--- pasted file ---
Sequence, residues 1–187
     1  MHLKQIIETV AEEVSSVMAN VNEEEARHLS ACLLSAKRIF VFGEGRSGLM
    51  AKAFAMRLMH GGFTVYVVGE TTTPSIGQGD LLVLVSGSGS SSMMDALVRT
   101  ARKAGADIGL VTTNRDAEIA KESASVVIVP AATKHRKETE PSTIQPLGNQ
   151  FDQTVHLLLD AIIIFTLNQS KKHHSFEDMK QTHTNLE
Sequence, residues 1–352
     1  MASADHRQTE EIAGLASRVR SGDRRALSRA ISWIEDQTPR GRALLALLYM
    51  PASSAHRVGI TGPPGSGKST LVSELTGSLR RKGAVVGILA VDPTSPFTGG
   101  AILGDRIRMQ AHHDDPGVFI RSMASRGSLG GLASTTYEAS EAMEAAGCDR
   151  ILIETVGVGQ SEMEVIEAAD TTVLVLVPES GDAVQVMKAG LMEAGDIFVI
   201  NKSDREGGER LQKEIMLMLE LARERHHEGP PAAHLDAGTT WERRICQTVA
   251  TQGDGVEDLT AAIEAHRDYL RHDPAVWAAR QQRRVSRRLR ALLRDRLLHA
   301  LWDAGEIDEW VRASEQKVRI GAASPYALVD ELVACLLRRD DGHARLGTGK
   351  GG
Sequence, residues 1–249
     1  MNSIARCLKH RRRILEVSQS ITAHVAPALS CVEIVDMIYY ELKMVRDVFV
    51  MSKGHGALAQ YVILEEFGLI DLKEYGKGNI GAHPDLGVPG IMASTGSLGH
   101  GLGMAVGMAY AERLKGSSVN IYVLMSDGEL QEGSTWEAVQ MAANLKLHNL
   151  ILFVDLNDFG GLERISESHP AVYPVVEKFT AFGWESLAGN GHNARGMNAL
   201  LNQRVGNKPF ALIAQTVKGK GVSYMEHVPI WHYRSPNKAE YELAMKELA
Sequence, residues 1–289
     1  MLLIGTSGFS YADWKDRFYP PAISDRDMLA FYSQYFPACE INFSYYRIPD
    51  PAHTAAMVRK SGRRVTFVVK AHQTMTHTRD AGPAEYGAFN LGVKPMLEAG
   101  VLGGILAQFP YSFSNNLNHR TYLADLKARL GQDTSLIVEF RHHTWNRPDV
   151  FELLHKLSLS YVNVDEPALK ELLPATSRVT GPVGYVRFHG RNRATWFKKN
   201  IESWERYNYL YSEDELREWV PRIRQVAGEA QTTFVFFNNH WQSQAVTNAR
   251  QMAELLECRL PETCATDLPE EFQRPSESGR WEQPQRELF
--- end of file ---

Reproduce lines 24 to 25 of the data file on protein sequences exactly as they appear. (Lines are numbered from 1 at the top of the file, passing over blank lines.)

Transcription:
   101  VLGGILAQFP YSFSNNLNHR TYLADLKARL GQDTSLIVEF RHHTWNRPDV
   151  FELLHKLSLS YVNVDEPALK ELLPATSRVT GPVGYVRFHG RNRATWFKKN